If Oklahoma State football coach Mike Gundy did not break fresh ground with Saturday's postgame comments, he surely stands in select company. And this has nothing to do with another "I'm a man" rant.
Instead, Gundy watched his defense allow 622 yards to Baylor. The Bears never punted.
Then, Gundy uttered these words: "I was really proud of the way our defense played. I think that they showed a lot of heart."
Huh? Can you imagine Woody Hayes or Paul "Bear" Bryant offering similar kudos to their defenses if those units surrendered 622 yards and never caused the opponent's punter to leave the sideline?
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Of course not. But Gundy works in an era of high-scoring spread offenses, when quality defensive play is judged on a sliding scale. No. 3 OSU (8-0, 5-0 in Big 12) features one of the offenses that blows the bell curve for today's statistical expectations on defense.
And it should be noted that Gundy praised his defense after a 59-24 victory in which the Cowboys held a 35-0 halftime lead and led 49-3 before Baylor began tacking on touchdowns in the fourth quarter.
When it comes to situational defense, Gundy will tell you that no team is doing it better than OSU, because the Cowboys are the nation's runaway leader in turnover margin. OSU is plus-19 for the season (plus-2.38 per game). Top-ranked LSU is second, at plus-15.
OSU has collected more turnovers (29) than any FBS school, a key factor for a unit that ranks 111th among the nation's 120 teams in total defense. OSU relies so heavily on turnovers to stop drives that the Cowboys have almost as many takeaways as opponents' punts (37) through eight games.
The formula has helped the Cowboys build an undefeated record despite allowing 455.6 yards per game, a figure that ranks next-to-last among Big 12 teams. But can it hold up for the long haul?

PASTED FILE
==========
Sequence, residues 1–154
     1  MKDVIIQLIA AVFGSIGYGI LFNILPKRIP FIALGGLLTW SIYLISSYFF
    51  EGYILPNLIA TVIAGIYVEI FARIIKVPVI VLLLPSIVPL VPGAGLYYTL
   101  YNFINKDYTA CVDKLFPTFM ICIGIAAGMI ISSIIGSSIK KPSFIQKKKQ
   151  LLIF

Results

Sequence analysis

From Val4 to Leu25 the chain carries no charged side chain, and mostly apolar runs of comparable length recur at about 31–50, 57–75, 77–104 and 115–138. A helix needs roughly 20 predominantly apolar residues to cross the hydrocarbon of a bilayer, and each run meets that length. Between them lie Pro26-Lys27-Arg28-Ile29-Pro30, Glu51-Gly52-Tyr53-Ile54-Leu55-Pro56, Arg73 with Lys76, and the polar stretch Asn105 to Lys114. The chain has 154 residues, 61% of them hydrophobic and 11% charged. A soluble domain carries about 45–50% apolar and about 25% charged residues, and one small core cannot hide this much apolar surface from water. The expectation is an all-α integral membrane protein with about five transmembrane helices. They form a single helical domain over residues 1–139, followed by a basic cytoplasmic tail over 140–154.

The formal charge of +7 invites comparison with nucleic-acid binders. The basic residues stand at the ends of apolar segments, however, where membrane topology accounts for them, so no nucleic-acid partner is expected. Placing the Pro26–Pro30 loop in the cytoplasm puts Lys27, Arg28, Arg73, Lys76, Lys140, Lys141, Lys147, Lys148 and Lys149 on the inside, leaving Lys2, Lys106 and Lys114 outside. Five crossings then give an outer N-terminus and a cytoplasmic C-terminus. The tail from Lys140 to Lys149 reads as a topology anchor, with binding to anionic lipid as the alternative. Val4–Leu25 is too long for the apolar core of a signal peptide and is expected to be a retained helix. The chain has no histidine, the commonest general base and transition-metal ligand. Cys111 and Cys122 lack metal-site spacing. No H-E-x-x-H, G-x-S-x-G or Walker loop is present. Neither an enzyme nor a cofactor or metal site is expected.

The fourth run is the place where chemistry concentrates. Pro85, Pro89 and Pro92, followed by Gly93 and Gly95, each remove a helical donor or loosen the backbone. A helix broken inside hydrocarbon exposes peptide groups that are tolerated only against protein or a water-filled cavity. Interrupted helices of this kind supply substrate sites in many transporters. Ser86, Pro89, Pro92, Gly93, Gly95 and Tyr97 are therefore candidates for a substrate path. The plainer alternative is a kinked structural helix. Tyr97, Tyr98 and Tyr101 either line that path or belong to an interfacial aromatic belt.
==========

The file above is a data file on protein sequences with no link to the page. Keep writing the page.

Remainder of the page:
Logic suggests that some productive, disciplined offense with a track record for protecting the football will expose the Cowboys' defense -- and defensive philosophy -- in the final month of the season. No.14 Kansas State (7-1, 3-1), Saturday's opponent at 7 p.m. in Stillwater, Okla., leaps to mind because the Wildcats dominate possession time with an option offense and rarely commit turnovers (eight in eight games).
If not K-State, then probably No. 6 Oklahoma (7-1, 3-1) in the regular-season finale on Dec. 3. The Cowboys bristle at such suggestions.
"I have a lot of faith in our team and in our defense and in their ability to force turnovers," Gundy said.
"If you look across the country, everybody is giving up yards... and there's more points being scored. You just have to stay in there and win some of your own battles and try to keep it to a minimum."
In the Cowboys' locker room, that means forcing turnovers. And stepping up on fourth down, which OSU did twice against Baylor -- including a goal-line stop on the Bears' opening drive.
"We gave up a bunch of yards... but when the game was on the line, we only gave up a field goal," OSU defensive coordinator Bill Young said. "Those five turnovers are a big statistic."
No argument here. But can they truly be counted on every week, over a 12-game schedule? The Cowboys answer with an emphatic "yes." Based on the team's inability to force three-and-outs, they'd better be right.
"That is our main objective, to create turnovers," said cornerback Brodrick Brown, who recovered two fumbles against Baylor. "No matter how many yards we give up, we can still create turnovers to give our offense the ball. As long as we force turnovers, we will be successful."
Give OSU its due for the way it stymied Baylor. Bears quarterback Robert Griffin III, who threw only two interceptions in the team's first six games, threw two against OSU, including one in the end zone.
Asked about the Cowboys' turnover-first philosophy, Baylor coach Art Briles said: "It's a good thing if you can depend on it. Their guys fly to the ball and put in a lot of great effort. Great hustle usually leads to great plays."
Yet it seems pertinent to mention that the nine teams ranked below OSU in total defense have a combined record of 17-57. Only Ball State (5-4) has more than two victories. OSU linebacker Shaun Lewis said focusing on yardage totals shows "a lack of respect" for the Cowboys' defense because the unit leads the NCAA in turnovers created.
To mention one without the other, he said, makes players "pretty angry." So we'll draw no conclusions other than to say that no team ranked 111th or lower in total defense has ever won a Big 12 title, let alone a BCS national championship.
Yet OSU remains in the mix for both, thanks for a weekly flood of timely turnovers. If they achieve either goal, the Cowboys definitely will be breaking fresh ground.
Follow Jimmy Burch on Twitter @Jimmy_Burch.
Jimmy Burch, 817-390-7760